“I saw the news reports, he was here – he even brought his teleprompters. They showed Air Force One at the airport. And streets along the route he would be traveling were closed. So, I’m sorry, the President definitely exists.”
“Again, where’s your proof? You’ve never seen him in person. All you know is what other people say. I’m sorry you’re so delusional, but there is no President. I don’t believe in him. I’ve never talked to him, and he’s never done anything for me. Besides, if there was a President, he or she definitely wouldn’t act the way people say he does. I don’t believe in the President, or the regulations people say he’s signed into law, and certainly not the executive orders people are supposed to follow. If there was a President, it certainly wouldn’t be the kind of President people always talk about.”

Okay, you’ve probably never had this conversation. Hopefully not. But there are people who insist Elvis never died, some don’t believe men walked on the moon, and I hear there’s a movement of people that deny the Holocaust ever happened. As Elvis might have said, there’s a whole lotta disbelievin' goin' on.

This reminds me of conversations and interactions I’ve had with atheists and agnostics – perhaps you have, too – that are absolutely convinced there is no God and present their reasoning along the same lines. They ridicule such belief as fantasy, fairytales, fictions, fables…notice a pattern here?

“You can’t prove God exists,” they argue. Well, in a physical, material sense, they’re right. God doesn’t fit into a test tube, and you can’t stuff him into a laboratory cage for observation. But at the same time, you can’t prove God doesn’t exist – because by definition, the spiritual realm isn’t governed by physical laws and limits. And the fact that billions around the world believe in God, whether known as Jehovah, Jesus Christ, Allah, Krishna, or one of many other names, has to count for something.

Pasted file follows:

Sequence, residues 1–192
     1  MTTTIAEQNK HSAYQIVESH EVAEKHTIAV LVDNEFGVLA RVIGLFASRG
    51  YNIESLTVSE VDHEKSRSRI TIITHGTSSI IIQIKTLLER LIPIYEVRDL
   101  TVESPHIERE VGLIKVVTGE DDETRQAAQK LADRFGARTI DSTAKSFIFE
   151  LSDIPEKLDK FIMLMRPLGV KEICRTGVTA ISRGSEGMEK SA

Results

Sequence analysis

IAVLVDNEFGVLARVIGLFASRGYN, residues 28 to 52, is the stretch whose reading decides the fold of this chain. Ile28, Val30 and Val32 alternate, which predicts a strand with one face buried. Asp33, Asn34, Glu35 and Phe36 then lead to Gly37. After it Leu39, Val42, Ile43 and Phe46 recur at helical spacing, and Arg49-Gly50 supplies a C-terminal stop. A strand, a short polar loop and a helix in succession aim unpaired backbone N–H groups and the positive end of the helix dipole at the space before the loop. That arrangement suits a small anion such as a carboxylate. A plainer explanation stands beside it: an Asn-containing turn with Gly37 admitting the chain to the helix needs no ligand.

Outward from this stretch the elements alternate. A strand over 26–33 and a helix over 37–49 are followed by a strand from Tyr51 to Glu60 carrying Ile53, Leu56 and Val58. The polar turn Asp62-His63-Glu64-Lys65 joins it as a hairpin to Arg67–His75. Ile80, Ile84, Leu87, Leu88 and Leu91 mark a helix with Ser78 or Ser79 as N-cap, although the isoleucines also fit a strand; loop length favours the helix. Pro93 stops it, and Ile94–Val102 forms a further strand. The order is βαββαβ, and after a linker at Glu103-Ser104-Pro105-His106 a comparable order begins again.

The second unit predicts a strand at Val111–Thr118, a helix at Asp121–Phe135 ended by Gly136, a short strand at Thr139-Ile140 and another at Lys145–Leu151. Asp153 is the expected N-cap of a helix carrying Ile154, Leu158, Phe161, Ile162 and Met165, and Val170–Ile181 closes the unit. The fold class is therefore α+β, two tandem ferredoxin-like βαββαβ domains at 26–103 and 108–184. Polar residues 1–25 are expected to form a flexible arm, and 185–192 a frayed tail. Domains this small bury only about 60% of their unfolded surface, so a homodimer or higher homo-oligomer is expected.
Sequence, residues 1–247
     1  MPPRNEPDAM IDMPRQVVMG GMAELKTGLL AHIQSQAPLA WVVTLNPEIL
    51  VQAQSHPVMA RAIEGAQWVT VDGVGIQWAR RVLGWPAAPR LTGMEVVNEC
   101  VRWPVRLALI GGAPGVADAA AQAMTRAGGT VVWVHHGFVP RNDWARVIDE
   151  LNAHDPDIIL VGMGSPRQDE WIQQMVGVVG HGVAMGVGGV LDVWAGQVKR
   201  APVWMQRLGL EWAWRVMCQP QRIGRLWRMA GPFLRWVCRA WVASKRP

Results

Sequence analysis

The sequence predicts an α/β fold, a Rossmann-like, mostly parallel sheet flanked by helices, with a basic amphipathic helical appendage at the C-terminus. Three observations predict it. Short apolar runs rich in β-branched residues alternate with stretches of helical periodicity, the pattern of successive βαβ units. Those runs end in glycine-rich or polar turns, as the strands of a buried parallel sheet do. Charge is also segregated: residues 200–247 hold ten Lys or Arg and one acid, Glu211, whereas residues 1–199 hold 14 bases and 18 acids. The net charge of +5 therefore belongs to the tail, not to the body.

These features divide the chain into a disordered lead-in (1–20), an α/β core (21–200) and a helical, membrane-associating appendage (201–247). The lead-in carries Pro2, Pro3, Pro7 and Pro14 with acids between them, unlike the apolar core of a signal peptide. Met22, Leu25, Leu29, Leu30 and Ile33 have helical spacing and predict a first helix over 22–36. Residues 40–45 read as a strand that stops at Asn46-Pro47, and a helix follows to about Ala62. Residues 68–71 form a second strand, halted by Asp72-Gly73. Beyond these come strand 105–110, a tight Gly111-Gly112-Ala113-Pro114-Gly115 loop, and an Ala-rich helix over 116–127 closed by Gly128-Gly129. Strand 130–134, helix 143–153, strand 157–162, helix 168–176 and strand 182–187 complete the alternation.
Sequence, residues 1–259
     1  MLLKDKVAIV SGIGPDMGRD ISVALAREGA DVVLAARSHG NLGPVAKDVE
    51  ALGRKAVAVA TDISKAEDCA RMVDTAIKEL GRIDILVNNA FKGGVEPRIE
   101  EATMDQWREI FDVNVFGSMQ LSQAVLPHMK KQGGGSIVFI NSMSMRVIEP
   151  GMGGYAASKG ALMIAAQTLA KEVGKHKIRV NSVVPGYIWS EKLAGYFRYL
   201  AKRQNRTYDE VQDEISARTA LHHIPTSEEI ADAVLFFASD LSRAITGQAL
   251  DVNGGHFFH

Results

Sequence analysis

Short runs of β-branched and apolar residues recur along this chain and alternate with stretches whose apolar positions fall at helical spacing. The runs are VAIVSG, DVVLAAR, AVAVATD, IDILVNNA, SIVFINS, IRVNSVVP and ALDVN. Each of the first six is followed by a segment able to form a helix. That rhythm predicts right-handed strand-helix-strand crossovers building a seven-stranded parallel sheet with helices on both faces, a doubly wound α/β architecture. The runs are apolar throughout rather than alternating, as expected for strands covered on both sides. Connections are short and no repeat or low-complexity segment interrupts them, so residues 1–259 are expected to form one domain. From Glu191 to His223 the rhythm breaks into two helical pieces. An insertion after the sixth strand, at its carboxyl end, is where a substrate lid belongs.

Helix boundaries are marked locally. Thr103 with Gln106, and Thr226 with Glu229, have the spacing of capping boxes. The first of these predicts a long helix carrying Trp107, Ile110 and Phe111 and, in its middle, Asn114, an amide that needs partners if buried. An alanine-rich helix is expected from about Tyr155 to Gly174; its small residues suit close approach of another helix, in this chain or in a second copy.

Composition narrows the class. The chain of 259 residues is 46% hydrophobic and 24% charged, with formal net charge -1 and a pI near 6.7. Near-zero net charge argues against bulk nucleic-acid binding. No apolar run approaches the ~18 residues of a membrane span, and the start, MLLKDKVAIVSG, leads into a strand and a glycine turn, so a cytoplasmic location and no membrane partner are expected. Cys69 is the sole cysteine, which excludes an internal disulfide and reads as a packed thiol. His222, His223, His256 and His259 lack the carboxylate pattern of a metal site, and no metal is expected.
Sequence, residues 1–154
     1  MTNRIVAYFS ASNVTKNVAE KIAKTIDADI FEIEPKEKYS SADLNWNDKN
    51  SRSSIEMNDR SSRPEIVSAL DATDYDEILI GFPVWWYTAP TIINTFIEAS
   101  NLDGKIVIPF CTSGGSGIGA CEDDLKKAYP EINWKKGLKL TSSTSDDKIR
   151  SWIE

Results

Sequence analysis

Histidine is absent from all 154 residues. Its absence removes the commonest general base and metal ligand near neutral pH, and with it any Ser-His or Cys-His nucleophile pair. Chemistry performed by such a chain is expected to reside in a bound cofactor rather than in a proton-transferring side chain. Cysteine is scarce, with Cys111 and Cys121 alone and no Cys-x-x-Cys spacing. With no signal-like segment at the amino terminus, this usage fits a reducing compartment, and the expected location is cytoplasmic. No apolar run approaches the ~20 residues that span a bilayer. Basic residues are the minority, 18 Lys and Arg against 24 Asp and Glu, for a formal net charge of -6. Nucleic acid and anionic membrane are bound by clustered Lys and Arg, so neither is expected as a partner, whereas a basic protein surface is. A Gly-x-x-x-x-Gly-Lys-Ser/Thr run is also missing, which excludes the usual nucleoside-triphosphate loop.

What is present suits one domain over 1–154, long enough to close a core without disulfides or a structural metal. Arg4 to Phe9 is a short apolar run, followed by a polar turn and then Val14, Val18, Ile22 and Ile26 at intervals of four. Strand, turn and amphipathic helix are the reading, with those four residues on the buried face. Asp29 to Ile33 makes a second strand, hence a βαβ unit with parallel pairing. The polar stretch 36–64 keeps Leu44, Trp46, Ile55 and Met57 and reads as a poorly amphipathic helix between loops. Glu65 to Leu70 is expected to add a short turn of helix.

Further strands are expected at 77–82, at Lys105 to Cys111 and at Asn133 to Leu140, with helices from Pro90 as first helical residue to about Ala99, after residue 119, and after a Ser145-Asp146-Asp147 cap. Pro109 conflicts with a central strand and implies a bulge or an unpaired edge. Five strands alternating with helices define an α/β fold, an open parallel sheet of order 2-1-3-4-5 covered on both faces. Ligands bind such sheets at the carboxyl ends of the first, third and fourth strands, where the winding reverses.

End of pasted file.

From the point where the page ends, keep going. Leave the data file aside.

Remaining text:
But the fact we can’t empirically prove God’s existence, the way one can prove the temperature of water being heated on a stove or the distance to the moon, has little bearing on the quality of our faith. In fact, the Bible declares such non-material belief is a prerequisite for genuine faith. “Now faith is being sure of what we hope for and certain of what we do not see” (Hebrews 11:1). A different translation states it this way: “Faith is the substance of things hoped for, the evidence of things not seen.”

The materialist might argue such a statement amounts to nonsense. But in reality, when a child is promised a puppy, the youngster exhibits faith, justifiably hoping and expecting with confidence the promise will be fulfilled. In a courtroom, unseen evidence is of little value, but people get married everyday based on the unseen, unprovable evidence that they are loved by their intended.

For those who follow Jesus Christ, trusting in the unseen can sometimes be challenging. But that’s the kind of faith God desires – and rewards. As Jesus said to Thomas the disciple when He offered tangible proof of His crucifixion and resurrection, “Because you have seen me, you have believed; blessed are those who have not seen and yet have believed” (John 20:29).